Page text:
Black journalists in Brazil are a minority, rise in profession infrequently and earn less than white colleagues, according to study

For the first time, a quantitative study measured the prevalence of white and Black professionals in newsrooms in Brazil and the result reveals the breadth of inequality between journalists. The Racial Profile of the Brazilian Press shows that 77.6 percent of Brazilian journalists are white, while 20.1 percent are Black. The composition of the population shows that Black people make up 56.1 percent of the 209 million Brazilians, according to the Brazilian Institute of Geography and Statistics (IBGE, for its acronym in Portuguese).

“We always knew it was a white press, but we had no idea how white it was. Realizing that the Black population [in journalism] is less than a third of what it represents in the Brazilian general population is shocking. Because there really is no diversity in the newsrooms,” journalist Eduardo Ribeiro, director of Jornalistas & Cia. and Portal dos Jornalistas, told LatAm Journalism Review (LJR).

The survey was carried out through a partnership between Jornalistas & Cia., Portal dos Jornalistas, Instituto CORDA – Network of Projects and Research, and I’MAX. Researchers interviewed 1,952 journalists working in media in all Brazilian states.

The first survey on the racial profile of the Brazilian press shows that newsrooms in the country still have a long way to go when it comes to diversity.

The first survey on the racial profile of the Brazilian press shows that newsrooms in the country still have a long way to go when it comes to diversity.



The survey also presents a series of data on pay, professional advancement, and functions performed in the newsroom, proving that, in addition to being a minority, Black journalists also earn less and have fewer opportunities for career development and limited professional advancement.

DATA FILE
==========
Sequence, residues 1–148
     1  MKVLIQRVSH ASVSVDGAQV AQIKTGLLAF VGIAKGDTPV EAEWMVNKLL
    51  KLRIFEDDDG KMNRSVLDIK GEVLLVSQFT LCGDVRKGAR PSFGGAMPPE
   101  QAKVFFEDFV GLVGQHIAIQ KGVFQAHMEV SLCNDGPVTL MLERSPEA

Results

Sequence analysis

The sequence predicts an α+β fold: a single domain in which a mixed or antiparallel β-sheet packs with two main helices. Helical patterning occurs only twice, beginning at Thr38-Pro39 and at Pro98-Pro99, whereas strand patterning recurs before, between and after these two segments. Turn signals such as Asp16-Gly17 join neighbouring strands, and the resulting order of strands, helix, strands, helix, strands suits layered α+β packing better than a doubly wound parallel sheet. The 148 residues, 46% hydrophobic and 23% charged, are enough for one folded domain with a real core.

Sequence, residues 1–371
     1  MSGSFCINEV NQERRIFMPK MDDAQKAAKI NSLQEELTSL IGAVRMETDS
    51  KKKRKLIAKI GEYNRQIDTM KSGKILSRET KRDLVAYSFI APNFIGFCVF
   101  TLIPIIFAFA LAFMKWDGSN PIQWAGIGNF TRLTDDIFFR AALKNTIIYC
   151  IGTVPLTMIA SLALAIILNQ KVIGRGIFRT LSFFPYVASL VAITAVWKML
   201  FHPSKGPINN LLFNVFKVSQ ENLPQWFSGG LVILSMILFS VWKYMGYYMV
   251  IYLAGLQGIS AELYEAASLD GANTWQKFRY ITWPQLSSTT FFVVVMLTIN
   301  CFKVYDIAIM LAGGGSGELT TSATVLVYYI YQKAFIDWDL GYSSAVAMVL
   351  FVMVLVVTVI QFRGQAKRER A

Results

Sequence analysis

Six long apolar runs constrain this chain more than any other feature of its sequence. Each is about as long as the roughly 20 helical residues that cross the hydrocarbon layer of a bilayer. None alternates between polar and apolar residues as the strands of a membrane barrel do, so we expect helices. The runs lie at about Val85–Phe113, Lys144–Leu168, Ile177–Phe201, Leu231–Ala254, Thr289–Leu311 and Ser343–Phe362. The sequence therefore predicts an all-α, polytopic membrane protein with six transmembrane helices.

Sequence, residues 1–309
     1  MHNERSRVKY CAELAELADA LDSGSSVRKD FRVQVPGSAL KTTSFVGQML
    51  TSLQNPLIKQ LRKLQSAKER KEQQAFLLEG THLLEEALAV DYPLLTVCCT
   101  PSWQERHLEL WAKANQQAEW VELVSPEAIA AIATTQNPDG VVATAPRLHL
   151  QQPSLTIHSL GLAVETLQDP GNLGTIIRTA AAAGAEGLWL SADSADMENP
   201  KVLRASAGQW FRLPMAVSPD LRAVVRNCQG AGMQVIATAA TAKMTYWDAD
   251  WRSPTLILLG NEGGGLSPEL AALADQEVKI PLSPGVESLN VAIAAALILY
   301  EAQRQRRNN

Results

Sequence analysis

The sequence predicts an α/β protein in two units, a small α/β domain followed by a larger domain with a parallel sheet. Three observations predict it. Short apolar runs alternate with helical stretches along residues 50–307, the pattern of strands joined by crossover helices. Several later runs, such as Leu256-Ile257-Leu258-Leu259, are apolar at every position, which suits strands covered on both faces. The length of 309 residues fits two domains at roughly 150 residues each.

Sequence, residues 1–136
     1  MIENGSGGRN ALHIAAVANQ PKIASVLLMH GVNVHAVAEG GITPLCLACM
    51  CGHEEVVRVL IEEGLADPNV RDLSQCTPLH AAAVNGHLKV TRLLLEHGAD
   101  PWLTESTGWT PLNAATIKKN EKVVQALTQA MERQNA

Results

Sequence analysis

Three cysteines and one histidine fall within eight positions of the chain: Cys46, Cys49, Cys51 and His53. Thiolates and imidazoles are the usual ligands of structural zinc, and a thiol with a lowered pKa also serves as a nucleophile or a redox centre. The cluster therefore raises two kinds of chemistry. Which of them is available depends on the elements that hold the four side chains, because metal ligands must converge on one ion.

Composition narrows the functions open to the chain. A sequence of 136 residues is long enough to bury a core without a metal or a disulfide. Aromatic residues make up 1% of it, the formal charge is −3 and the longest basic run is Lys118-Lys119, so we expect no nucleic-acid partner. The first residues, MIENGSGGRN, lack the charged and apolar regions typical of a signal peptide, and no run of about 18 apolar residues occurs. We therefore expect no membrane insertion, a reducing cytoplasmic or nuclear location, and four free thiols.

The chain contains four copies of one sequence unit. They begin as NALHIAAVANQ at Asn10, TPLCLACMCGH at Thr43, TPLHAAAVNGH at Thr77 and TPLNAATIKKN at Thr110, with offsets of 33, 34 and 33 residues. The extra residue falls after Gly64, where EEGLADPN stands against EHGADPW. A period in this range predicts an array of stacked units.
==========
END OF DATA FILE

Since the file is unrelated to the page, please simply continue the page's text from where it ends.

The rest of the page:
Conversely, 61.8 percent of white journalists who responded to the survey hold positions considered to be managerial in the newsroom, that is, editors, columnists, assignment editors, among others. On the other hand, 38.2 percent are in operational positions, such as reporter and producer. Among Black professionals, 39.8 percent hold managerial positions and 60.7 percent are in operational functions.

“[This] shows that, in addition to the proportion of Black journalists being much smaller than those in the population, those who are a minority also occupy, in a much less intense way, the positions of media executives, managers, coordinators,” Mauricio Bandeira de Mello, director and founder of the CORDA Institute - Network of Projects and Research, told LJR.

The unequal distribution of positions is directly related to the difference in pay between white and Black professionals. The survey reveals that 41.7 percent of Black journalists receive a monthly salary of up to 3,300 Brazilian reais (US $600), the lowest salary range in the survey. The percentage of white professionals in this pay range is 22.9.

In addition, Black journalists also have fewer promotions throughout their careers. The survey asked if the journalist was ever promoted in the company where she currently works. Although the proportion of white and Black professionals promoted is similar, 37.4 percent and 35.5 percent, respectively, white professionals were promoted more often than Black professionals.